Comic book writer Greg Pak began a thread on Twitter about his process for writing comic books. The thread, still live as I write this, exploded over the next few hours. Pak detailed many, many steps of how he puts together a story. For aspiring writers of sequential entertainment, the thread is a must-read as it demystifies a little of the process.
Unlike film or theatre, comic books don’t have a lot of written-in-stone standards for how they are put together. Notable authors like Alan Moore sometimes simply write prose and let other people handle the breakdown into a script. Additionally, if you take a look at scripts from different writers, they all vary in style. Scripts and Scribes offer up some sample scripts from a variety of writers.
Pak’s first bits of advice started with: Helping the thread along was Kelly Sue Deconnick, the writer of Pretty Deadly and Bitch Planet (Image).
Also, writer and creator of 8-Bit Theater and Atomic Robo, Brian Clevinger, chimed in with his thoughts:
Even veteran writers found some useful advice in the thread. Indie creator and writer-for-hire, Ken Lowery, who is credited with writing dozens of books found something important in the thread:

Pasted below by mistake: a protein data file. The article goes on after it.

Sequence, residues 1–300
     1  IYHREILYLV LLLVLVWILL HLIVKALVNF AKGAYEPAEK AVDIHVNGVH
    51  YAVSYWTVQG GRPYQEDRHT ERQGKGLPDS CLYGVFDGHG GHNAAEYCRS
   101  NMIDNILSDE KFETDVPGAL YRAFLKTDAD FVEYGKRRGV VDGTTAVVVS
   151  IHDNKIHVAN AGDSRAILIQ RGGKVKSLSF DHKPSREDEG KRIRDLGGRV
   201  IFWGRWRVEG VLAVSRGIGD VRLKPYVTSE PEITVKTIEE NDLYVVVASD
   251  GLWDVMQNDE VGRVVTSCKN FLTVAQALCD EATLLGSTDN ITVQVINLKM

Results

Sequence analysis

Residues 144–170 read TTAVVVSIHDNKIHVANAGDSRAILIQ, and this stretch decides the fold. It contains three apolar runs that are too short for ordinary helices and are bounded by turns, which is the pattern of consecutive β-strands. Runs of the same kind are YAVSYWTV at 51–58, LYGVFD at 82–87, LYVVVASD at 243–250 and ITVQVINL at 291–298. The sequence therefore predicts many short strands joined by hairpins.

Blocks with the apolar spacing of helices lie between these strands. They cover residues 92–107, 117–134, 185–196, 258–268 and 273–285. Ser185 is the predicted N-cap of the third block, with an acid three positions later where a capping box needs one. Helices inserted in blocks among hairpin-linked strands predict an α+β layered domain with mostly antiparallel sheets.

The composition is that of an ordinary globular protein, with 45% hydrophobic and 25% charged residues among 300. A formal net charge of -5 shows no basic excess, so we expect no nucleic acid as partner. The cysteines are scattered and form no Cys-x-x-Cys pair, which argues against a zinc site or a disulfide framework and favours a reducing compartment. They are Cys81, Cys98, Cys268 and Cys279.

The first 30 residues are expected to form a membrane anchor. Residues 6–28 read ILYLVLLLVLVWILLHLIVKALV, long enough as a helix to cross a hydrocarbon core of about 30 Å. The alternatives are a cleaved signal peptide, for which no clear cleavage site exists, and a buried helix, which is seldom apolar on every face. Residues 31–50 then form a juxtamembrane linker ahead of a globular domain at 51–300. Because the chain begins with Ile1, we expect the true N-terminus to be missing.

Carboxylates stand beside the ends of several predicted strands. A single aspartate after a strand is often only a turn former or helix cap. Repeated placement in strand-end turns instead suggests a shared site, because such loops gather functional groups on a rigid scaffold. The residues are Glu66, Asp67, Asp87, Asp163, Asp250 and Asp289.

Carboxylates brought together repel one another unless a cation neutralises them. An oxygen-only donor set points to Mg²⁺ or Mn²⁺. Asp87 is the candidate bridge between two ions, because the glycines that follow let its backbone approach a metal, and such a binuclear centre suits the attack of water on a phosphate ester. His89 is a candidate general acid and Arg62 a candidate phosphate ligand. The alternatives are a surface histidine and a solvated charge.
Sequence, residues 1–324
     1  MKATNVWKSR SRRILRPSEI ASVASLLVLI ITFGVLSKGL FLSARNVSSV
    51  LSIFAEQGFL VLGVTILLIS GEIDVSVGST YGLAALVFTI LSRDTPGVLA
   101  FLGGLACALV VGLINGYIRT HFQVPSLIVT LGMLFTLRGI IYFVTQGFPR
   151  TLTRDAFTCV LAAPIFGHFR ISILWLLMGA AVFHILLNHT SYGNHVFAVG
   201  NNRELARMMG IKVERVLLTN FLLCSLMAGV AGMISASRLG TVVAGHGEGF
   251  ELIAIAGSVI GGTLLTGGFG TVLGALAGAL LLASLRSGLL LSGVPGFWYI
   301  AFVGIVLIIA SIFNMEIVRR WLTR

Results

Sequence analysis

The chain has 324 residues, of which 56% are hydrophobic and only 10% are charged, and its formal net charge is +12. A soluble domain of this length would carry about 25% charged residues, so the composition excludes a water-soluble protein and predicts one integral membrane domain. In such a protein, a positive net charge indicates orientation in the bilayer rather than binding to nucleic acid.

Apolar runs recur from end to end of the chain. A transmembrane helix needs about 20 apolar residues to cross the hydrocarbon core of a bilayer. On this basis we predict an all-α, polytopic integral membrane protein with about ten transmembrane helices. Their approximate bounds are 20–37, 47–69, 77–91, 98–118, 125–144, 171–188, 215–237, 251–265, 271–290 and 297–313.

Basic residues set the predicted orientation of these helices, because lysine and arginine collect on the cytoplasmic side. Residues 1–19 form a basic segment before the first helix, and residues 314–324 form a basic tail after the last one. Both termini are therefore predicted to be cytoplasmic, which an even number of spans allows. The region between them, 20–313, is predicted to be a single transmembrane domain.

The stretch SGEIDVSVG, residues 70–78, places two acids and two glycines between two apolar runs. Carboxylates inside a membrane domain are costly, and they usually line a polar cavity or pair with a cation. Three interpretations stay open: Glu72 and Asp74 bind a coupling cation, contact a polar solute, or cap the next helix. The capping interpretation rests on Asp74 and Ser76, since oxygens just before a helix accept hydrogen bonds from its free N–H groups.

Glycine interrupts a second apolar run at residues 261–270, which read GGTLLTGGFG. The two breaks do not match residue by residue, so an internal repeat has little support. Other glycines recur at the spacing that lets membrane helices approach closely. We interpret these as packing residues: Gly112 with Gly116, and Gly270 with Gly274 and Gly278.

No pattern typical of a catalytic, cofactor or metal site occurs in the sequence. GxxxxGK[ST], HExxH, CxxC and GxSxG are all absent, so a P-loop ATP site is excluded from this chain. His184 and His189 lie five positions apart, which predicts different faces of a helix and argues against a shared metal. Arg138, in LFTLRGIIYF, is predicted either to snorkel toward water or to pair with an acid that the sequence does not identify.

A comic book store in St. Louis got in on the fun by stating what every aspiring comic book writer should do:
Greg Pak details A LOT more steps along the way, including:
Greg also provides a friendly reminder about the writing process, and perhaps, the creative process as a whole:
Follow @GregPak to read the entire thread.
As a very rookie comics writer, I can tell you that this was an insightful read. The process to write film, television, theatre, or comics books is different for each of us. However, understanding what others do may demystify some of the process and provide new ways to tell an even better story.
Are there any aspiring writers out there who would like to share their own process? Leave your thoughts in the comments section below.